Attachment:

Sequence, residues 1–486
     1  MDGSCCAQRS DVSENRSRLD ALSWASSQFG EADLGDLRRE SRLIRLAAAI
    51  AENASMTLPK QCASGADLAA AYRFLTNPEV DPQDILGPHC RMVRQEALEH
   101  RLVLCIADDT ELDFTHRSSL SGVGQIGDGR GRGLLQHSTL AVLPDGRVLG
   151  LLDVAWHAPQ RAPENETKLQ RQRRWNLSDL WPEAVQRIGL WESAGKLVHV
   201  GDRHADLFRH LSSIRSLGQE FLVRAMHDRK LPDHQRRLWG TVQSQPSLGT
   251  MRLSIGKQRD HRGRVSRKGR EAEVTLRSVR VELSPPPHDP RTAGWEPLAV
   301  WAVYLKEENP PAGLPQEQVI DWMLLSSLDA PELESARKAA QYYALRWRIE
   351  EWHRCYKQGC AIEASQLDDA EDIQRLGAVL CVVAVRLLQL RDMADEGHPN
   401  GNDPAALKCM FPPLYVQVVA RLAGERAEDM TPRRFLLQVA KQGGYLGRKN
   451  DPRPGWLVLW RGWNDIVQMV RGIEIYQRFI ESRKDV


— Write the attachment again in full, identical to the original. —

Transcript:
Sequence, residues 1–486
     1  MDGSCCAQRS DVSENRSRLD ALSWASSQFG EADLGDLRRE SRLIRLAAAI
    51  AENASMTLPK QCASGADLAA AYRFLTNPEV DPQDILGPHC RMVRQEALEH
   101  RLVLCIADDT ELDFTHRSSL SGVGQIGDGR GRGLLQHSTL AVLPDGRVLG
   151  LLDVAWHAPQ RAPENETKLQ RQRRWNLSDL WPEAVQRIGL WESAGKLVHV
   201  GDRHADLFRH LSSIRSLGQE FLVRAMHDRK LPDHQRRLWG TVQSQPSLGT
   251  MRLSIGKQRD HRGRVSRKGR EAEVTLRSVR VELSPPPHDP RTAGWEPLAV
   301  WAVYLKEENP PAGLPQEQVI DWMLLSSLDA PELESARKAA QYYALRWRIE
   351  EWHRCYKQGC AIEASQLDDA EDIQRLGAVL CVVAVRLLQL RDMADEGHPN
   401  GNDPAALKCM FPPLYVQVVA RLAGERAEDM TPRRFLLQVA KQGGYLGRKN
   451  DPRPGWLVLW RGWNDIVQMV RGIEIYQRFI ESRKDV